Tiffany Aliano's picture

Thank Tiffany for the Post!

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Discussions

Matt Chester's picture
Matt Chester on Dec 3, 2019 1:47 pm GMT

Any movement in this space is important to see, but the question will always be: is it enough? Do you think these latest moves are ambitious enough, Tiffany?

Tiffany Aliano's picture
Tiffany Aliano on Dec 3, 2019 4:32 pm GMT

Hello Matt,

I think the latest initiatives are definitely a step in the right direction.  Unfortunately, we learn the most after events have already occurred, where new vulnerabilities are discovered every day and it's almost impossible to foresee security gaps prior to that.   It's important for the commission to stay vigilant and quickly react to industry threats, which in the best of their capacity, I believe they are doing.  Individual entities reporting threats as they occur will also better equip other entities as well as the commission and improve response, reaction time as well as corrective and preventative measures moving forward, creating new industry standards.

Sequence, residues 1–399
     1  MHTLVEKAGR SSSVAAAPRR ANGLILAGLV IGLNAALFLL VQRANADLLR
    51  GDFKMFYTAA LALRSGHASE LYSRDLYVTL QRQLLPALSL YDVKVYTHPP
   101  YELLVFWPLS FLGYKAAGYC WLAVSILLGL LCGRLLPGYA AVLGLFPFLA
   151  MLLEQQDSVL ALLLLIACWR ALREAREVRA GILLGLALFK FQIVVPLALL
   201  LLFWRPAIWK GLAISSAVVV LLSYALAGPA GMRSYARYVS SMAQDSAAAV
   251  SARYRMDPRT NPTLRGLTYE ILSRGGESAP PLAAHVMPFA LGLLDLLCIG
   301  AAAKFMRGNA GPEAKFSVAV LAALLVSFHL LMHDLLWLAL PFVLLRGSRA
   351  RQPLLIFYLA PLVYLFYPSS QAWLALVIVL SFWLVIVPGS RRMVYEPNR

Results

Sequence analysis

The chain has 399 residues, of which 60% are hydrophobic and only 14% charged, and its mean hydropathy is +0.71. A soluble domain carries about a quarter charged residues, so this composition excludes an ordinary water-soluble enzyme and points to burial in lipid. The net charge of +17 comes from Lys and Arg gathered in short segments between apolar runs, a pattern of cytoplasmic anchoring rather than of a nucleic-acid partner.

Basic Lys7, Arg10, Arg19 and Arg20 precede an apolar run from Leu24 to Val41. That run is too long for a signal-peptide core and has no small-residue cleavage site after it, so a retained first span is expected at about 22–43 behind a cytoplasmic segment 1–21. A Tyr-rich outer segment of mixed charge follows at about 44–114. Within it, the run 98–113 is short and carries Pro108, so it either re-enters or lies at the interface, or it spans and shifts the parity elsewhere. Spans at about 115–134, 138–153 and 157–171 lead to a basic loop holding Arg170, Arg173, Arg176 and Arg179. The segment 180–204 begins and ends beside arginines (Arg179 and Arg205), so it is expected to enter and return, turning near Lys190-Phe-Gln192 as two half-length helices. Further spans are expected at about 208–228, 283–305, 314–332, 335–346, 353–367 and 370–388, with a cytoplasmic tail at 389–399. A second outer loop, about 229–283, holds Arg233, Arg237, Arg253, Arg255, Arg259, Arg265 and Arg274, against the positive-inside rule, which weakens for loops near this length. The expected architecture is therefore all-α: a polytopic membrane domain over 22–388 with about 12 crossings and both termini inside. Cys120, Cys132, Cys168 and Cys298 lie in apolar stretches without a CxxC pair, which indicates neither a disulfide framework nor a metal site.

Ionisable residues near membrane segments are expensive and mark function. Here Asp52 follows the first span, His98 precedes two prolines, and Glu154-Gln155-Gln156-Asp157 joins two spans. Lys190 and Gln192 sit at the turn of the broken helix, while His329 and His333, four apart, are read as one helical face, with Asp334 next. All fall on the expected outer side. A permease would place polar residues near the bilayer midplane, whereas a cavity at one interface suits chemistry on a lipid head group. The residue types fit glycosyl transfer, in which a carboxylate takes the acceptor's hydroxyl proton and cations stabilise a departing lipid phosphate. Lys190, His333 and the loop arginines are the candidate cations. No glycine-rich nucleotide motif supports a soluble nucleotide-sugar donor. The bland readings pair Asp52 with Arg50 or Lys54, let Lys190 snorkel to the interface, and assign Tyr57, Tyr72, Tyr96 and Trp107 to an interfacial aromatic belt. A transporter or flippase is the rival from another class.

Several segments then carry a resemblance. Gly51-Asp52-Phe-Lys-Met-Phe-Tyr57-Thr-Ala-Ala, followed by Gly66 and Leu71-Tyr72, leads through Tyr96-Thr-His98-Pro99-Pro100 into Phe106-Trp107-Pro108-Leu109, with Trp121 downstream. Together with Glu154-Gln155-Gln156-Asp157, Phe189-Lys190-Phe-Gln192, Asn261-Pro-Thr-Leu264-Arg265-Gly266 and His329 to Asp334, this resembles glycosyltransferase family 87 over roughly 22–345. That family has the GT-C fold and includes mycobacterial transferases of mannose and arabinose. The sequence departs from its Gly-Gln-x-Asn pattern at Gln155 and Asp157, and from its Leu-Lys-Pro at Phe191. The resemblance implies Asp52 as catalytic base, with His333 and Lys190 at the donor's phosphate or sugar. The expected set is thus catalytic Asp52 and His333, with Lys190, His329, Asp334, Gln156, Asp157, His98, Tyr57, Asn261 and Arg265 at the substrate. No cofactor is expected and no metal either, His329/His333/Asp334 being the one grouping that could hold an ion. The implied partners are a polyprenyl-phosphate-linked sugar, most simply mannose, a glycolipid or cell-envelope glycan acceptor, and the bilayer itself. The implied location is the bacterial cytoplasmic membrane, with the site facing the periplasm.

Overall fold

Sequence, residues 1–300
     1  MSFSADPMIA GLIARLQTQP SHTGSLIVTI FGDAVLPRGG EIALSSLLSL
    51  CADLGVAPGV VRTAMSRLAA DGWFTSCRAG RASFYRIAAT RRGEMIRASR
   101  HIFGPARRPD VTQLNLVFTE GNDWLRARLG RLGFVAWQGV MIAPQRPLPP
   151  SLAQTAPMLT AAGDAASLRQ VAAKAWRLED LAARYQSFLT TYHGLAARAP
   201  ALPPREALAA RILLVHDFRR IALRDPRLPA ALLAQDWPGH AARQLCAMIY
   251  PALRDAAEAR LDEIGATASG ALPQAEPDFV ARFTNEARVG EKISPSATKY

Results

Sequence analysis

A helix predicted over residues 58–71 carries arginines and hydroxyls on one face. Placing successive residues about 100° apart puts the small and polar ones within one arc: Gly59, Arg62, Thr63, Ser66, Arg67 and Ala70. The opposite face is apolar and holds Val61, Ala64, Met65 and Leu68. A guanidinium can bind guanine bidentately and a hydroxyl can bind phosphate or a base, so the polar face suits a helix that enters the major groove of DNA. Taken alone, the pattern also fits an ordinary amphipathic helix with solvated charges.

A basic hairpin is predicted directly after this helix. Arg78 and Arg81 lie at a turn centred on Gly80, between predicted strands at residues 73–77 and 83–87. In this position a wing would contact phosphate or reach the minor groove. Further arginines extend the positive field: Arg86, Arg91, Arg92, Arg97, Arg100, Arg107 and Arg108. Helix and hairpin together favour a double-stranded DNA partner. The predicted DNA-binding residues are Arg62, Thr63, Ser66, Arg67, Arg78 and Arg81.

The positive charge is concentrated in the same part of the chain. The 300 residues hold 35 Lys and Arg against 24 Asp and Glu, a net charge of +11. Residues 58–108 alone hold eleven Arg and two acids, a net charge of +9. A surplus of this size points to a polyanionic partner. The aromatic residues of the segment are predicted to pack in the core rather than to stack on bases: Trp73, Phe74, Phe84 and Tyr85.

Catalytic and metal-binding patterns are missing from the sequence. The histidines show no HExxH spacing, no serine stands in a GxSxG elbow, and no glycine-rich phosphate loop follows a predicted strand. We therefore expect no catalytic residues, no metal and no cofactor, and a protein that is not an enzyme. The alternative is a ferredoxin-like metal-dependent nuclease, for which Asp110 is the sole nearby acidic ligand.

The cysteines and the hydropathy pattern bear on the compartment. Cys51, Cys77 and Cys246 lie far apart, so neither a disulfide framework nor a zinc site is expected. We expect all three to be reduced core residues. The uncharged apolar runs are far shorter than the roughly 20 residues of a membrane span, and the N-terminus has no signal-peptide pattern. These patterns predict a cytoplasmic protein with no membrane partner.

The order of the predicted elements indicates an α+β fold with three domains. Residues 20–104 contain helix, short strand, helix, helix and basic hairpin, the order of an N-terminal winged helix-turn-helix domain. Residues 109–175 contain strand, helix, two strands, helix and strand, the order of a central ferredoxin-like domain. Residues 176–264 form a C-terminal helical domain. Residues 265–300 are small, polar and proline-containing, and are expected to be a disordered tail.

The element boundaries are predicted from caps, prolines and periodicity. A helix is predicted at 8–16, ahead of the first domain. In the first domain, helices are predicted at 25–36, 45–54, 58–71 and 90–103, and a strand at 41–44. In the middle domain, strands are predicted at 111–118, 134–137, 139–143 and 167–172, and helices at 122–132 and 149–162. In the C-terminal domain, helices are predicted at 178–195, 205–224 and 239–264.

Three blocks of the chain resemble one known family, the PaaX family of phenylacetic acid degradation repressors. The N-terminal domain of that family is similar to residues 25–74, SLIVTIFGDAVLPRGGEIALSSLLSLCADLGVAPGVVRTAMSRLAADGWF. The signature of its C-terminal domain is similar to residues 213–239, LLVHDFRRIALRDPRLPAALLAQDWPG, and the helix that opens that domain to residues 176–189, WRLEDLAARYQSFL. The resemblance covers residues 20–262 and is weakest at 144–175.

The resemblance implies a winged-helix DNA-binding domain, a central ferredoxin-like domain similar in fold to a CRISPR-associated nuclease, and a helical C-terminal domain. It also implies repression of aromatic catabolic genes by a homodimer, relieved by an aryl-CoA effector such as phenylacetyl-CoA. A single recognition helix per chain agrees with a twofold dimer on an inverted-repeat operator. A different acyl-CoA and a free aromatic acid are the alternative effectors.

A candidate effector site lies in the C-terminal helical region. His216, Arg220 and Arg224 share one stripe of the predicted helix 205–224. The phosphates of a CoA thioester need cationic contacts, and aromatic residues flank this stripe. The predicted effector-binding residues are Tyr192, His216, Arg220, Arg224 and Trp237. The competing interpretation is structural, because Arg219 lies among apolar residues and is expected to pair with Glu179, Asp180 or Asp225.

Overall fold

We should also keep in mind that it's highly unlikely that enough will ever be enough, being that as technology continues to advance and our security evolves, so does the tactics of hackers, malicious actors, and threats alike.  

What about you, do you think the commission could have better addressed the industries cybersecurity challenges?  Is there any area they may have overlooked?

Look forward to your thoughts.

Matt Chester's picture
Matt Chester on Dec 3, 2019 5:19 pm GMT

Unfortunately, we learn the most after events have already occurred, where new vulnerabilities are discovered every day and it's almost impossible to foresee security gaps prior to that.

This is the scary truth-- it's a bit of a Schrodinger's cat where we might not know until it's too late. I do think we have smart people and people with decision making powers who are taking these problems seriously and head on, but with cyber concerns the worrying part is it only takes on vulnerability to be exploited

Tiffany Aliano's picture
Tiffany Aliano on Dec 4, 2019 7:10 pm GMT

I agree it's an uneasy thought, however, the best we could do is stay vigilant, proactive and use tools available to automate processes, track training as well as stay informed that we can better allocate resources towards predictive security measures.